"It doesn’t pass the sniff test that someone would do that so close to the water," Gillan said.
If Owen Flynn was murdered -- by whom and why? In his response letter to Own Flynn's daughter from the Plymouth House of Corrections, Bulger suggested other possibilities:

"He goes on to explain his opinion about what might’ve happened without giving any names. And he gives three different opinions," Flynn Dickinson said. "One of them is that maybe the partners that my father was in business with had life insurance on him ... leave it to a criminal mind, obviously, and they’ll come up with some alternatives for you to think about."
Flynn worked as a bartender at Downey and Judge in the West End. 1972 was a boom time for bars in the neighborhood. Owen Flynn had just borrowed approximately $10,000 to come on board as a "silent partner."
The bar moved from Canal Street to 141 Portland Street. West End historian and archivist James Campano knew the place well, and said borrowing money from loan sharks for a piece of the bar was a common but sometimes dangerous decision.

Flynn Dickinson said it's not clear how her father came up with the money, or how he planned to pay it back. In his letter to Flynn Dickinson, Bulger also suggested that whatever happened to her father could have been the result of mistaken identification.

"He goes on to say maybe there was a mix-up," she said.
Specifically, Bulger’s letter states:

When I was young living in South Boston projects there was an Owen Flynn who was much older than I. Had a few sons, Owen was a big name back then, and he was  an ex-boxer. We spent a lot of time at the gym. He was an ex-World Champion.

But Paul Taylor, a former police officer and investigator with the Massachusetts Office of Licensure, met both Flynns and said it would have been hard to confuse them. At the time that he met Owen Flynn, Taylor said he was working as a bartender at Aces High in Southie, which was owned by Jack Brennan. The bar had a reputation as a police hangout. Taylor recalled seeing Owen Flynn from time to time at Aces High, and he also remembers the day when Flynn’s body washed up on Carson Beach.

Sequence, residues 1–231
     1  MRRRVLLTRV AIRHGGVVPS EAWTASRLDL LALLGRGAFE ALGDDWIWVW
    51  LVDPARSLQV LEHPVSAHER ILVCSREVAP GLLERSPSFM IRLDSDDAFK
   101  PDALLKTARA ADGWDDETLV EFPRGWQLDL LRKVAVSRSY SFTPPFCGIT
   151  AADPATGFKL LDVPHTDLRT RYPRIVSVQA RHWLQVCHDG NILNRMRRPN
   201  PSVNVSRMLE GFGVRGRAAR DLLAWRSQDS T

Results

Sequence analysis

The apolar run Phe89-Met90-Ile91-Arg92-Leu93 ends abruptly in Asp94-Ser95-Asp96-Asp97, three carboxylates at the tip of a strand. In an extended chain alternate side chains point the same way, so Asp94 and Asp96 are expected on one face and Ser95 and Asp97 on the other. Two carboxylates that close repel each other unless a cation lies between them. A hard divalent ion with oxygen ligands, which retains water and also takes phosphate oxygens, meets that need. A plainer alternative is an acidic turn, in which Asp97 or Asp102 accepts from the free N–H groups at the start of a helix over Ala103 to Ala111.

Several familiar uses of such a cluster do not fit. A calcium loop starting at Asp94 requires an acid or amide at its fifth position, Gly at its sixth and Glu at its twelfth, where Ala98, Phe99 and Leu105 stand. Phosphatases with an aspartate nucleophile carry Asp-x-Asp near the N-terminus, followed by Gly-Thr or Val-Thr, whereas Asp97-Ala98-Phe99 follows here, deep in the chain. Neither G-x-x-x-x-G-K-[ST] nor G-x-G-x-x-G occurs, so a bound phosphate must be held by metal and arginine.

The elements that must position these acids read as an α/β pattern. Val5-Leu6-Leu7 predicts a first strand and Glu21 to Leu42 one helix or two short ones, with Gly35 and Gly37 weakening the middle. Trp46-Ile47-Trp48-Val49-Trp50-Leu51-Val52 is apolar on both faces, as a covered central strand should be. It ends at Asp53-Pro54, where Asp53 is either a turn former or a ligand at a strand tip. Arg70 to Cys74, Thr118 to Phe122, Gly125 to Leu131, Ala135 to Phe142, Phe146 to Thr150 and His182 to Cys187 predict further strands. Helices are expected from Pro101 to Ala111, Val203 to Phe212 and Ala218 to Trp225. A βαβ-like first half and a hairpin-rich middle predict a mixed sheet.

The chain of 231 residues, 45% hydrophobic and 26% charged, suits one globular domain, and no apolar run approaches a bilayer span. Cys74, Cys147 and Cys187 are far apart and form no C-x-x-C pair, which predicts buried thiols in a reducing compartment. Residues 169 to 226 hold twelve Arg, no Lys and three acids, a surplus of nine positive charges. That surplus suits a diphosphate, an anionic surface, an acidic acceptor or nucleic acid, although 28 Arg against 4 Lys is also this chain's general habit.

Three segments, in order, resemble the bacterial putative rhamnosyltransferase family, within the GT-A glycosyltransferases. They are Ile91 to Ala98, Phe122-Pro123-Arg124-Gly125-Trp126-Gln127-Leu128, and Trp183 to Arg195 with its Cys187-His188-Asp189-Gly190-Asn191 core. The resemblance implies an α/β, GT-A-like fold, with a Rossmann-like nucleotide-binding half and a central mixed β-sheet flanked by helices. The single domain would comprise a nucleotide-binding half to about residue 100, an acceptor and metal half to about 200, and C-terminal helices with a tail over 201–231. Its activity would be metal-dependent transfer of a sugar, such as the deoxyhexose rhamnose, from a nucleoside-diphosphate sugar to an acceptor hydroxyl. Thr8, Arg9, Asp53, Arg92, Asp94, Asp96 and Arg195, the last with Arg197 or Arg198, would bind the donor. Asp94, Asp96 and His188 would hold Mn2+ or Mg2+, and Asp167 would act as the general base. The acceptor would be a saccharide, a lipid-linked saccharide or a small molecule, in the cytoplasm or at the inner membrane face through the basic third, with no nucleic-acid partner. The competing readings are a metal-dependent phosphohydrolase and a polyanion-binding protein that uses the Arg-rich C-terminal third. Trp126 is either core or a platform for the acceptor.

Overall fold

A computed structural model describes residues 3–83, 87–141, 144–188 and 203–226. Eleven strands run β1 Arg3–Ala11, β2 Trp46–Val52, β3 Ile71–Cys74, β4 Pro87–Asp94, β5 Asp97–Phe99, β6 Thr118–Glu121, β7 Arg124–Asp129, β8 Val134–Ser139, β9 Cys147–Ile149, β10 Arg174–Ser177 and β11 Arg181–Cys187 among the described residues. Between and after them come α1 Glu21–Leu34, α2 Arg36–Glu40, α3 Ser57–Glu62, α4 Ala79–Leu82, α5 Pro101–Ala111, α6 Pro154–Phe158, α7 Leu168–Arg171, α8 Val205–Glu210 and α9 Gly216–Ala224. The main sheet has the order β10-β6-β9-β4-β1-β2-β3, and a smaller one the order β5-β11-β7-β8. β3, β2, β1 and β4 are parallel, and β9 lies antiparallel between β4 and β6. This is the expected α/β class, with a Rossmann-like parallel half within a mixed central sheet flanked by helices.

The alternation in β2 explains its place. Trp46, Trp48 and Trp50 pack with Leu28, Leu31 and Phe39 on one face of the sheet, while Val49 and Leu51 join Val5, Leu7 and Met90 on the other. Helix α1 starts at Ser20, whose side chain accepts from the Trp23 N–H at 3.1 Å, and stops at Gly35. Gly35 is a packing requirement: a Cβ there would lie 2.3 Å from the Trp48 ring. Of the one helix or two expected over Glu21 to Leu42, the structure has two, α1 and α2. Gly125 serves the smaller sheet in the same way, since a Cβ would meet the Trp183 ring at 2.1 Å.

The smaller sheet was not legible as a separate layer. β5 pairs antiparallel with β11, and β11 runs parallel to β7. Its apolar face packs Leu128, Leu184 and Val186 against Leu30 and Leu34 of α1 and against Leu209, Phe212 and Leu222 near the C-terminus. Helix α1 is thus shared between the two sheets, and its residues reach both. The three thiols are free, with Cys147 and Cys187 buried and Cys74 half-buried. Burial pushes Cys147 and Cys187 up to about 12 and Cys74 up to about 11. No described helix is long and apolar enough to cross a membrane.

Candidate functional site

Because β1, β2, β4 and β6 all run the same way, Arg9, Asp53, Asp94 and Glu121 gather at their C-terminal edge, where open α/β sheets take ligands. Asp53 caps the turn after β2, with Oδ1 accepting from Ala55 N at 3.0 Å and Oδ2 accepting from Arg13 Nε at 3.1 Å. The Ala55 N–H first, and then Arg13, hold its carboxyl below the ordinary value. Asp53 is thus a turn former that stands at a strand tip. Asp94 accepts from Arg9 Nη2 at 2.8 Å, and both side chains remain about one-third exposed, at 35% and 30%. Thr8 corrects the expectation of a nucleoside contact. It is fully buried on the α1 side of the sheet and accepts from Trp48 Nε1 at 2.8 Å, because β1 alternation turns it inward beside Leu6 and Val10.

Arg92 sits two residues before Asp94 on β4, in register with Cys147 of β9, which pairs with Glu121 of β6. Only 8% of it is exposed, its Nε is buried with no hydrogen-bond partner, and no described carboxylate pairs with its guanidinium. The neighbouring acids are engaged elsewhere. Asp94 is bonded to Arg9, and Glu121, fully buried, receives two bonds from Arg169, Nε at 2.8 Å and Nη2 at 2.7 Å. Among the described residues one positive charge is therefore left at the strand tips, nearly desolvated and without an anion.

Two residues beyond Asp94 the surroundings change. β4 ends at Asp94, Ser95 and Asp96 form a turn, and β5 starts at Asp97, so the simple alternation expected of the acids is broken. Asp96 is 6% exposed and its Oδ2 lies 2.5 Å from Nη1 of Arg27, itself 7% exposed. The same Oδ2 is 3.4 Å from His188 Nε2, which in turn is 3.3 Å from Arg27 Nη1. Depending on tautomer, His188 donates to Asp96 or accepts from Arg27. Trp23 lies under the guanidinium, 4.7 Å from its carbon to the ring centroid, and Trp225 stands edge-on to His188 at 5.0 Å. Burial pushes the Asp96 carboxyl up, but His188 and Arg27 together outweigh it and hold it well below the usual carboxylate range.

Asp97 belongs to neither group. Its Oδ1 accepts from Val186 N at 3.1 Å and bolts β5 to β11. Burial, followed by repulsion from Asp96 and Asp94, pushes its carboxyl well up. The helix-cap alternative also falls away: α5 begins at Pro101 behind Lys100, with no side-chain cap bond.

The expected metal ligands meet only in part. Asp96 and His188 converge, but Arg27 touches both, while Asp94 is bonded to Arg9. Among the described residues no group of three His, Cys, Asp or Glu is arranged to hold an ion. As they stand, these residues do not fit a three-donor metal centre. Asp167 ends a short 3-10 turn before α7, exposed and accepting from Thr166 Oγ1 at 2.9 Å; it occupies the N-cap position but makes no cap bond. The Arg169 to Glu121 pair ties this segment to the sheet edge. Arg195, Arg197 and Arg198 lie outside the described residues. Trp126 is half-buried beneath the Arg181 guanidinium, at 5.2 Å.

"I remember saying to friends that I met that guy -- I know him. And, you know, the fact that he was friends with Jack Brennan -- I just figured he was coming to Jack for help for something because the only people that'd come in, they weren't part of the crew. The crew only came in when they wanted to get away from the crew," Taylor said.
Law enforcement officials I spoke with said there were several unsolved crimes during that period linked directly or indirectly to Bulger, and Massachusetts State Police Detective Lt. Steve Johnson, who worked on the Bulger Task Force, said that a reputation for murder worked to Bulger’s advantage.

"Even murders he wasn't involved in -- he wouldn't dissuade people from thinking he was because it would add to his aura and the fear factor that he would be able to place into people," Johnson said.  
But Bulger did not take credit for the death of Owen Flynn in his letter to Flynn’ s daughter.
"I did not kill your father," he wrote to her in closing.
But if Owen Flynn’s death in 1972 was the result of homicide, and if Bulger didn’t do it, who did, and why?  

Knowing, said Ann Flynn Dickinson, would be the greatest Christmas gift she and her family could ever have.